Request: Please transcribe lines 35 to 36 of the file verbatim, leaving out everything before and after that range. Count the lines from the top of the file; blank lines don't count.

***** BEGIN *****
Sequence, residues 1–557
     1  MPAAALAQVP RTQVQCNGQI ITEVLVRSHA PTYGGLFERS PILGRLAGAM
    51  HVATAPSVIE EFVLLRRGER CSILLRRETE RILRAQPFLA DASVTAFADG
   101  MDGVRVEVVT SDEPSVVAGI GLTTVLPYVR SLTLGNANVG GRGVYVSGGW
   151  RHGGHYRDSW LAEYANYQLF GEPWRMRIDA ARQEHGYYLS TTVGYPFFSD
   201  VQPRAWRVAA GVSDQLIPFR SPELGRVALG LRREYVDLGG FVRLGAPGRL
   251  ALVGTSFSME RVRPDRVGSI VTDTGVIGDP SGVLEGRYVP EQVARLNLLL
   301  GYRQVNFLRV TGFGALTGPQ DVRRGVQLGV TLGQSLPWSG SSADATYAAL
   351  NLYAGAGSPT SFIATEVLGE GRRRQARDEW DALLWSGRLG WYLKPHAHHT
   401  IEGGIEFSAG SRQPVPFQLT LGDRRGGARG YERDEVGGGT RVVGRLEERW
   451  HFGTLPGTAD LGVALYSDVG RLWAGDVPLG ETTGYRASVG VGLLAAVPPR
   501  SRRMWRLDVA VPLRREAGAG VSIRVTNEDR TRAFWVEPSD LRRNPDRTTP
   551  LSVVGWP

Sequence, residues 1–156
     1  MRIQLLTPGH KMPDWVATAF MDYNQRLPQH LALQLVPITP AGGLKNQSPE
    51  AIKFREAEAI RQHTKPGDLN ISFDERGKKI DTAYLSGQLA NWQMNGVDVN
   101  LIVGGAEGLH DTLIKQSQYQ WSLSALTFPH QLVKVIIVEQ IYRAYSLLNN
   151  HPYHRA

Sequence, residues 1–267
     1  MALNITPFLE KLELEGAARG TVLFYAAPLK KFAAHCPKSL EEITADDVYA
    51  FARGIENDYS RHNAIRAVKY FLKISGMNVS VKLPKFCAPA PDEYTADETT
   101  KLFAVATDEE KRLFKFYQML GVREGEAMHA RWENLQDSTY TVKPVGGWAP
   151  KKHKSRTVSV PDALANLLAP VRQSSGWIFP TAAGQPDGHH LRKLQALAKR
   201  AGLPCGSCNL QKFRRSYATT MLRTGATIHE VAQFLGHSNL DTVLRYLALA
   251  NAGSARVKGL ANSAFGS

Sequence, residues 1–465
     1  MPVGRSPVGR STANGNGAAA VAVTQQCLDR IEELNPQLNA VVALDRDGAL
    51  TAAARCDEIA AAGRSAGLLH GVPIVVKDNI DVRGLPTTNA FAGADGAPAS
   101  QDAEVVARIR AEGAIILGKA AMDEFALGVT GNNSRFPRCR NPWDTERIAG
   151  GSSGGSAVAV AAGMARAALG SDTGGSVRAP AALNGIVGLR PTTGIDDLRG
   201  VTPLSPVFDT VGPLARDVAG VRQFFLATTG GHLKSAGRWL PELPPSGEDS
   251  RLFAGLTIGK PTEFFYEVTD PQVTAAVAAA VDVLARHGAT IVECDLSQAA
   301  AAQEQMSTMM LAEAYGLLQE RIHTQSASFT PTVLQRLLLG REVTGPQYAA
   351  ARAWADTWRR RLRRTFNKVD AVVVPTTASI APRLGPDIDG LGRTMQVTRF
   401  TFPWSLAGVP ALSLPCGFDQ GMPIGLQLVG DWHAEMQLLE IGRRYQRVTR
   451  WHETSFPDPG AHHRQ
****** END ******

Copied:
   401  TFPWSLAGVP ALSLPCGFDQ GMPIGLQLVG DWHAEMQLLE IGRRYQRVTR
   451  WHETSFPDPG AHHRQ